In an article written by the Taipei Times, former US Nuclear Regulatory Commission chairman, Gregory Jaczko, stated that “that the future for nuclear power generation in the US and worldwide is one of “decreasing use and eventual phase-out.” Jaczko predicted that the use of nuclear energy in the US would come to an end in 2055.
If Jaczko’s predictions are accurate, and considering the longevity of radioactivity in nuclear waste, it really does seem hasty to spread highly radioactive material across the country. And for Sault Ste. Marie residents reading this- yes, it could be passing through your town too.
But if the idea of hosting radioactive material through and in your community still hasn’t rung your alarm bells yet the possibility of reprocessing nuclear waste might.
Reprocessing nuclear waste is an important profit margin for the nuclear industry. There are two types of nuclear waste produced- solid and liquid. The lucky site selected in Northern Ontario would be storing solid nuclear waste in an underground repository. But hold on to your knickers! There’s gold in them thar spent nuclear waste bundles!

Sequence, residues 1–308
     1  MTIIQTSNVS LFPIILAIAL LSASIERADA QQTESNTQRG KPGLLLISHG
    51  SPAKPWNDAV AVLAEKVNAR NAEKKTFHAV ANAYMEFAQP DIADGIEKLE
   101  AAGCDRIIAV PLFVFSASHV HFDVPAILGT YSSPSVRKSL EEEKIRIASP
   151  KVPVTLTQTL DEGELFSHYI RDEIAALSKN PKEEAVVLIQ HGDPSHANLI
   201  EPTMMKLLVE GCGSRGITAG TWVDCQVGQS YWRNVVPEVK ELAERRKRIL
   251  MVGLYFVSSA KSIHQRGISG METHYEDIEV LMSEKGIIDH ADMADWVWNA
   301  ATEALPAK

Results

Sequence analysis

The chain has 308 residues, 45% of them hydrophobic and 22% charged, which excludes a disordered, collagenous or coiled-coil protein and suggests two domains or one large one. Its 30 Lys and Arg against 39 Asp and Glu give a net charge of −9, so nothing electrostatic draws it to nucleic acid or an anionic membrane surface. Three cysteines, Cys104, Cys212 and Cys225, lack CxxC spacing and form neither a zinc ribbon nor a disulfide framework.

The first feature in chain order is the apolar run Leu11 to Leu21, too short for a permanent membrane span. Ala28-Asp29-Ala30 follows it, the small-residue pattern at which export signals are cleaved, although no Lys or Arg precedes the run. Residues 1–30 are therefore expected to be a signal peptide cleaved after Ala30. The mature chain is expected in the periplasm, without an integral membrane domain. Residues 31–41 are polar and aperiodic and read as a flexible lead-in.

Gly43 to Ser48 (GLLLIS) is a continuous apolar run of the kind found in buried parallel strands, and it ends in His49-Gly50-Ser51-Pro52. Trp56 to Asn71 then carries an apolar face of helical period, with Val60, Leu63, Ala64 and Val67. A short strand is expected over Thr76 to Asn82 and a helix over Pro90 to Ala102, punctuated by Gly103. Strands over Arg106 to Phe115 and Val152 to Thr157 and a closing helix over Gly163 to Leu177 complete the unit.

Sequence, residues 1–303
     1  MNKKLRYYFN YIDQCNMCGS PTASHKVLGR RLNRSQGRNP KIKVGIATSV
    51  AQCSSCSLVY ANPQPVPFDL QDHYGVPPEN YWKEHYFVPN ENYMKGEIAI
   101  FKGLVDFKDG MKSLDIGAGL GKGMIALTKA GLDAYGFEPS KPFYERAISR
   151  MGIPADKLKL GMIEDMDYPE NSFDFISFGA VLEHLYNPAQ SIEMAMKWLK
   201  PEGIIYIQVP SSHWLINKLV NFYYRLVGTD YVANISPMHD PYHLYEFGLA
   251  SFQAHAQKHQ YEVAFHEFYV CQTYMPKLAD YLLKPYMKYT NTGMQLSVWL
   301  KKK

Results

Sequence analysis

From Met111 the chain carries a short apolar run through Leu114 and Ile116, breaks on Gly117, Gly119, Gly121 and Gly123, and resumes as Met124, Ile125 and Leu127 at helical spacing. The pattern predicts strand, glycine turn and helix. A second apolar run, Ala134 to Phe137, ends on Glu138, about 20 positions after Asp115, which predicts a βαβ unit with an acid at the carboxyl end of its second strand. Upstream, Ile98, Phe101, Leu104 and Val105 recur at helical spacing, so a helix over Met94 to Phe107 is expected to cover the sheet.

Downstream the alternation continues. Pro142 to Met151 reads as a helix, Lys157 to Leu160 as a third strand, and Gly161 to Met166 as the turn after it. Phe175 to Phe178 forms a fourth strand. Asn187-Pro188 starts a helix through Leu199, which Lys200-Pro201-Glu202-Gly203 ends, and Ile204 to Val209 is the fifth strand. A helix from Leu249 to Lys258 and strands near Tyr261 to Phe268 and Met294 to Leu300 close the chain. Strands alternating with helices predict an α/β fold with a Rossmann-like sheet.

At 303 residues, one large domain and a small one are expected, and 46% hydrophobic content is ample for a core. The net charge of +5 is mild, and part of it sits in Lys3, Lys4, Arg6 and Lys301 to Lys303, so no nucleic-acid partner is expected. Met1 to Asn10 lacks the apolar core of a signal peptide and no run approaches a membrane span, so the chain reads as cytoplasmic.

“Solid nuclear waste can be reprocessed into a liquid form. The liquid form of nuclear waste is used for weapons. Reprocessing, or liquefying nuclear waste, is a very messy and a very polluting process. This is done to derive the valuable plutonium material from the waste.”
Why is the potential to ‘reprocess’ nuclear waste so important for communities -flirting with the idea of becoming host sites for nuclear waste, to know about?
Dr. Edwards will tell you. “The nuclear industry will liquefy solid nuclear waste wherever that waste is. If the waste is moved to an underground repository that’s where reprocessing will happen. The NWMO will say there is no economic benefit to doing this now and that they don’t plan to do this. However, people in the industry are very eager to do this. I believe it will happen because the nuclear industry wants to survive. And if wants to survive it will need plutonium.”
Are you looking for part two of Dr. Edwards proposed action for dealing with nuclear waste?